And so that was, you know, and every time that someone's asked you, what, you know, what are you doing?

I'm like, I'm an actor. People go, oh, that's so interesting. Wow. That must be amazing.

And also something just like, oh, yeah, it is. And then when one day it wasn't.

Yeah. When you hit with that reality of like, oh, actually, this thing that I really love to do and I identify myself as I don't love anymore.

There's a whole world of stuff that goes on inside.

So how did you go from there to like, you must I'm assuming you went through 30 million different things you could have done at that point or went through that process of what do I love?

What do I hate?

What do I find interesting? What am I going to do with my life?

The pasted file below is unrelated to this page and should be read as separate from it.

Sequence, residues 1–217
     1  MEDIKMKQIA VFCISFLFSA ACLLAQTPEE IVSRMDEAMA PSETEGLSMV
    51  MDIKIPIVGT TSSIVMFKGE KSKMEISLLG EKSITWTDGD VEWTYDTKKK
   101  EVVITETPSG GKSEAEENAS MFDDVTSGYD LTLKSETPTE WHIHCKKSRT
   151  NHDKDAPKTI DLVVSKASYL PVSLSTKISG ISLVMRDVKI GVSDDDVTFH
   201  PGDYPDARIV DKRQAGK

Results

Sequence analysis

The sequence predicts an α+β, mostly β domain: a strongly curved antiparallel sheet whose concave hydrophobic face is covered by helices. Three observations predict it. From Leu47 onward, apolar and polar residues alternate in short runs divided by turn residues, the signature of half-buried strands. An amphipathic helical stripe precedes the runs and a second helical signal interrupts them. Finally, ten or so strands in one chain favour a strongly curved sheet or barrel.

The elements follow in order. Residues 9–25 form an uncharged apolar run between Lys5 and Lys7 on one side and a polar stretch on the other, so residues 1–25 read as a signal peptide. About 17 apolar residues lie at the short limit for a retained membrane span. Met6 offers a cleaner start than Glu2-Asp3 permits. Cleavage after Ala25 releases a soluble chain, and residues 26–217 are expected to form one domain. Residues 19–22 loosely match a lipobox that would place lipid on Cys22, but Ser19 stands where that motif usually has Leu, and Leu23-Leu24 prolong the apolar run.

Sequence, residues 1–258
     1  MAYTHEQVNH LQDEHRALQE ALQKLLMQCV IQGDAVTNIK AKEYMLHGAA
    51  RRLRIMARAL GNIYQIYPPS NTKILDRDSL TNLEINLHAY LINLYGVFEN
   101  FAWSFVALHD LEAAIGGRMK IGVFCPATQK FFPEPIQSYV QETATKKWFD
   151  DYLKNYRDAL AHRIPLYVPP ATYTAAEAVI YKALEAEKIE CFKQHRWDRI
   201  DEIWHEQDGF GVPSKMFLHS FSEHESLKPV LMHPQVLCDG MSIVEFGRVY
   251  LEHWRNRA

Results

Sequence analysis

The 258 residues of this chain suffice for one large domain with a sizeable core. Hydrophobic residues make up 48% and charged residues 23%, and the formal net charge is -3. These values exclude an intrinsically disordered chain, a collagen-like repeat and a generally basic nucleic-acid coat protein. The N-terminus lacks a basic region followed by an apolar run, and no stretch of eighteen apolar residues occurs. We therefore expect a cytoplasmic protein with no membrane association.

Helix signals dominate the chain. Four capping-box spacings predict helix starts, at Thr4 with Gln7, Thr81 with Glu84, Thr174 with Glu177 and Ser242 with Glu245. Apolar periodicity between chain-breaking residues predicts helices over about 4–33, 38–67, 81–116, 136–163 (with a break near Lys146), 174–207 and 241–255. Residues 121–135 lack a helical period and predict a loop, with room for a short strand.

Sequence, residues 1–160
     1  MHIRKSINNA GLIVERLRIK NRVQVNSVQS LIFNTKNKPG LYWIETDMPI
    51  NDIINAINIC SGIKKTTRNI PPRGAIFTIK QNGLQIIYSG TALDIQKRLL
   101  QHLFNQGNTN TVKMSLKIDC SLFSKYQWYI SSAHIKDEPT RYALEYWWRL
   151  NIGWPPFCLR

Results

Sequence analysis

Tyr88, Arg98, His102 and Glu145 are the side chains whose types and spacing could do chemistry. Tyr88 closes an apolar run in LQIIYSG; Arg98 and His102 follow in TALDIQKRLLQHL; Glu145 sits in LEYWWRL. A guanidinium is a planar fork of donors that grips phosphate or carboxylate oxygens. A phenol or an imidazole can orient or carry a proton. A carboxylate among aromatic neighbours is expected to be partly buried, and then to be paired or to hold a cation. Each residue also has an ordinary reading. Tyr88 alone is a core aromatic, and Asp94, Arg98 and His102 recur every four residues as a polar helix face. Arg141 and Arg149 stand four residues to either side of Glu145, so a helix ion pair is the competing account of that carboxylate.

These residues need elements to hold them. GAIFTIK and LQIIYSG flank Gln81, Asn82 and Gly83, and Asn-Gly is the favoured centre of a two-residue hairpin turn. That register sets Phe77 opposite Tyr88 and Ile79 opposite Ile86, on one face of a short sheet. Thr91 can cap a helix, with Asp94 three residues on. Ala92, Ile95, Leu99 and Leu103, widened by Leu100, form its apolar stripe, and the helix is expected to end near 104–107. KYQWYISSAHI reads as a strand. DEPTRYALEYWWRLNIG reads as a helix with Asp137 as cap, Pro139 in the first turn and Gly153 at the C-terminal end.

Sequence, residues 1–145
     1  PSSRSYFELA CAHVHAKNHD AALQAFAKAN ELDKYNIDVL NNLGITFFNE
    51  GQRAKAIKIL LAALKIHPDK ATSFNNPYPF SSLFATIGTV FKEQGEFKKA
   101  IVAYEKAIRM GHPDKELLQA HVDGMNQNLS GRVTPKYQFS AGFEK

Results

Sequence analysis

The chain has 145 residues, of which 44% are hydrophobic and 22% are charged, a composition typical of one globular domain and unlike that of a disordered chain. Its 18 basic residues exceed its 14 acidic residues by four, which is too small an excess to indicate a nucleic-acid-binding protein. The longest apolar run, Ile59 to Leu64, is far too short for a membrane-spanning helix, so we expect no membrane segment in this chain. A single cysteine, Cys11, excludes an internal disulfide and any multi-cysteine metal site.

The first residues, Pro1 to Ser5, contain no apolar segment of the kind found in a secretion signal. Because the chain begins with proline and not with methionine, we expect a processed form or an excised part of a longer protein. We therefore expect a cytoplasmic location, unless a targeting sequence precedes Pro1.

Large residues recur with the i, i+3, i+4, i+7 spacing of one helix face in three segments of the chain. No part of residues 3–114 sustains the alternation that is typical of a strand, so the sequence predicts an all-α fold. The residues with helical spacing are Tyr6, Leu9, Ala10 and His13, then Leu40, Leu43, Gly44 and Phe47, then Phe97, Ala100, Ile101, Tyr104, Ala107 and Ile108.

Is that what happened? Yeah. You know, I did the quintessential kind of thing where I went to, you know, what job is good in 15 years dot com was like, where do I where do I place myself?

Again, how can I use these skills, which at the time I thought were useless or at least weren't able to be sort of transferred across?

Yeah. How do I what industry? What what work? What can I do in order to kind of like and obviously you get all those lists.

And, you know, I even remember seeing sort of things like software engineer.

And as soon as I saw engineer, I just kind of, you know, I don't know.

I've been learning lines for 13 years and just saying to people, how can I say?

Yeah. Yeah. So that was difficult. And I think that's that's a that's a truism as well of like the world.